Finally, coal need not be the backward polluting step many environmentalists might believe. Coal gasification facilities reduce dramatically particulate and sulfur dioxide and nitrogen oxide emissions. They can produce hydrogen, which would fit with zero-carbon hydrogen fuel cell technology.

And, as the Energy Department notes, "if oxygen is used in a coal gasifier instead of air, carbon dioxide is emitted as a concentrated gas stream. In this form it can be captured more easily and at lower cost for sequestration."

Finally, coal gasification technology is ready and available. Cleco Corp., which has generated 70% of its electricity with natural gas, on July 12 announced its plans to build a $1 billion, 600-megawatt "clean coal" power-generating plant in northern Louisiana. The company noted that natural gas prices had risen from $2 per million British thermal units of energy production to $7 per million Btu. It figures that the clean coal plant will save its customers $4 billion over 30 years over high priced natural gas.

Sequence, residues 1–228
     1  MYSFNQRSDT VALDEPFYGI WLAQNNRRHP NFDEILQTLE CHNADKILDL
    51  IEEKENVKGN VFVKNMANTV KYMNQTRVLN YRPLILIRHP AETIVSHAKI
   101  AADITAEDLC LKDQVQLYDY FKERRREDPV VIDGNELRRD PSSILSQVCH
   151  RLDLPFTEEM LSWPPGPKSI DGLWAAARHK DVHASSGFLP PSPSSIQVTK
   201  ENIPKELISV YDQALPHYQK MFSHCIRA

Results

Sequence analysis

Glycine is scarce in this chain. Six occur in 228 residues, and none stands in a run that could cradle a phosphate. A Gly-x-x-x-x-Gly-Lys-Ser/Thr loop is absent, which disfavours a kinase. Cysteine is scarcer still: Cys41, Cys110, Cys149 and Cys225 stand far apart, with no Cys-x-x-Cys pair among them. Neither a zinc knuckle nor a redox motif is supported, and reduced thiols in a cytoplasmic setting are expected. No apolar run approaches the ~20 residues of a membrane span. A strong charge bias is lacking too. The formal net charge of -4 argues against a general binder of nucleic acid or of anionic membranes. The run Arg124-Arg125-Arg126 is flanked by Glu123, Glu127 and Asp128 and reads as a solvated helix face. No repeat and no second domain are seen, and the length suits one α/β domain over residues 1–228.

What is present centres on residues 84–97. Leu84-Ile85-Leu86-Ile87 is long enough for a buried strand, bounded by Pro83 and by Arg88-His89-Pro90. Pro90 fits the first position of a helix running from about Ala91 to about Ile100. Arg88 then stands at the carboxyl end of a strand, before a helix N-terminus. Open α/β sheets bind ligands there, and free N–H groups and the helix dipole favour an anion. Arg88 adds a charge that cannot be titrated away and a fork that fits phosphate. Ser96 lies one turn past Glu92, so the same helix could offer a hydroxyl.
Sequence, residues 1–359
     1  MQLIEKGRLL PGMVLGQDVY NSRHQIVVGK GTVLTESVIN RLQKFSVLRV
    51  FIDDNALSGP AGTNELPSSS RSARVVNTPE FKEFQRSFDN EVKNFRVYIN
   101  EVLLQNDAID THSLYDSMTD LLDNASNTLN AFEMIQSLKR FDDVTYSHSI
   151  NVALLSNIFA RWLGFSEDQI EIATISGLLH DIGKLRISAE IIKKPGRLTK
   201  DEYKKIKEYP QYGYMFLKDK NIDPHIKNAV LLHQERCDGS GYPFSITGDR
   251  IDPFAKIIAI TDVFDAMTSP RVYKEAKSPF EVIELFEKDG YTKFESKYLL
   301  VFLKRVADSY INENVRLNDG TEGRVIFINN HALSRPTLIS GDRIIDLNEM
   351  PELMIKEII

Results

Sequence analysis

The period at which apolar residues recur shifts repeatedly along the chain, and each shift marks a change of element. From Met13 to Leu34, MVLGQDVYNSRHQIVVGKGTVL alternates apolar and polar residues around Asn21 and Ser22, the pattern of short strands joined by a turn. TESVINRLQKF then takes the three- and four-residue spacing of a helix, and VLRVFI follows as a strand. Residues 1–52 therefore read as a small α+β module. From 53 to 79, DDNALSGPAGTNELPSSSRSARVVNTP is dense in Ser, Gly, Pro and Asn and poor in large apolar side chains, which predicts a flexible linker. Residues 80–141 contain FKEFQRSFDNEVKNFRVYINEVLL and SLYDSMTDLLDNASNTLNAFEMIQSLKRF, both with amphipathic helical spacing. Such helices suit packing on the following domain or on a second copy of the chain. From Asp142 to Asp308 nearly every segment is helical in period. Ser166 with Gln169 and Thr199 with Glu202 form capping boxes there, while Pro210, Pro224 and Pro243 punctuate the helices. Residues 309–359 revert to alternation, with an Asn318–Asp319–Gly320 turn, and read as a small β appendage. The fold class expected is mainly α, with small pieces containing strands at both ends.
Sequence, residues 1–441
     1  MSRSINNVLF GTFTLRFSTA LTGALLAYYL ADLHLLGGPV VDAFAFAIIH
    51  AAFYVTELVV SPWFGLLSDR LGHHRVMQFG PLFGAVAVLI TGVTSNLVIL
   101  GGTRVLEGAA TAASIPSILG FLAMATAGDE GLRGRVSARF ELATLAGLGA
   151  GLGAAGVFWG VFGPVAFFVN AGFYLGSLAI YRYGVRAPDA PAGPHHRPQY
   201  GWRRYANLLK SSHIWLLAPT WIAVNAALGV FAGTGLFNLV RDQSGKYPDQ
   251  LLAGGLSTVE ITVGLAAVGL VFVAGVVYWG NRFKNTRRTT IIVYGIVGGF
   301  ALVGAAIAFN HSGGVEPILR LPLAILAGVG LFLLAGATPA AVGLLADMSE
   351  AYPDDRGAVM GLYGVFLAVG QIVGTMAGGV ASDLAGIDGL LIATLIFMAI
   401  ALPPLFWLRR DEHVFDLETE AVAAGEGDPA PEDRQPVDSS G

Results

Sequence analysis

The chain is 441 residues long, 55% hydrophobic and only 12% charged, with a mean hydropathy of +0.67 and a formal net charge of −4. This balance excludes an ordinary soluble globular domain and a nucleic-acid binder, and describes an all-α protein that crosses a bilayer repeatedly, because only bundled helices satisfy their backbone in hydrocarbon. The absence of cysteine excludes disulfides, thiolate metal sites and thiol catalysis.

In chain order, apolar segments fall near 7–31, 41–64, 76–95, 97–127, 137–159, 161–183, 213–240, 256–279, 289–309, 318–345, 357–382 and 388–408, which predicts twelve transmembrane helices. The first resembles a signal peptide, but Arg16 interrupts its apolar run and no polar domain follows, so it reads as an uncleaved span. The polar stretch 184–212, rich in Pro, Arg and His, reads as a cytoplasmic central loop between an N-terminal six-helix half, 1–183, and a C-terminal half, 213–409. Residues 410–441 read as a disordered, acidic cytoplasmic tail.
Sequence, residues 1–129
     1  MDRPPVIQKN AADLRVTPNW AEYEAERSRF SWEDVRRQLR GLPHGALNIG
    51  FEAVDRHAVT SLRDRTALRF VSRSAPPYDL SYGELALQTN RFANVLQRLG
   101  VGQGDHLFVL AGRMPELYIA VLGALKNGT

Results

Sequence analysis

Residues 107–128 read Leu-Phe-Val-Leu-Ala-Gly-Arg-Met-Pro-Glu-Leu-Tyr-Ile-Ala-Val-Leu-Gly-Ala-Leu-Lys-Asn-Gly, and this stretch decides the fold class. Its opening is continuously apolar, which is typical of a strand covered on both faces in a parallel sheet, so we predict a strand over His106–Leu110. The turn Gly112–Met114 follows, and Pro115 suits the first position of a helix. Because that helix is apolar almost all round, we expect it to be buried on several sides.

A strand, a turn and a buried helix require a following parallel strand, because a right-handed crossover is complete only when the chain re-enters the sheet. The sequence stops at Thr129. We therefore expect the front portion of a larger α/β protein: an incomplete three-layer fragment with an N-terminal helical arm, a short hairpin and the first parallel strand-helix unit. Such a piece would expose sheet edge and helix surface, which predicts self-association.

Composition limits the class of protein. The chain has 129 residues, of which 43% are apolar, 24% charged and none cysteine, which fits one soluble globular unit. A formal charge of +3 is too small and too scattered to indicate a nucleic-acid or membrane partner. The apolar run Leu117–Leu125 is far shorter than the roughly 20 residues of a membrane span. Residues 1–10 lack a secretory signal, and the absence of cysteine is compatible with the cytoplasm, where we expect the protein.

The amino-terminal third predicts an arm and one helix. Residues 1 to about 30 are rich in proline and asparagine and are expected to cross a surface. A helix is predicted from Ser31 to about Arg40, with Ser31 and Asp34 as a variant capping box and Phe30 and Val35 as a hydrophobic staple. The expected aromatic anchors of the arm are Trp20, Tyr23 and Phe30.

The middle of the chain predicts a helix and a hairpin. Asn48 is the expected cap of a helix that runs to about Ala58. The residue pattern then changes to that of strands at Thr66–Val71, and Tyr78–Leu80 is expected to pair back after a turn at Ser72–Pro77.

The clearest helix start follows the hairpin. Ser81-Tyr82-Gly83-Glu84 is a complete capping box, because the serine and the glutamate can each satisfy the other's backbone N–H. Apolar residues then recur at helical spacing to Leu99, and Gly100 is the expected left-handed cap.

Meanwhile, the state of Texas with Eastman Chemical Co. is applying to the Department of Energy to build a $1 billion FutureGen coal facility that would make use of Texas' geology to provide storage for concentrated CO2 from facilities there.

To be sure, as Chairman Domenici noted at the hearing, there is no magic bullet that will slay climate change and meet the needs of a modern industrial and information economy for energy. But clean coal technology may provide a more powerful bit of armament in accomplishing both tasks than the renewable portfolios of solar, wind and biomass. One can only hope we hear a bit more about it at future Senate hearings.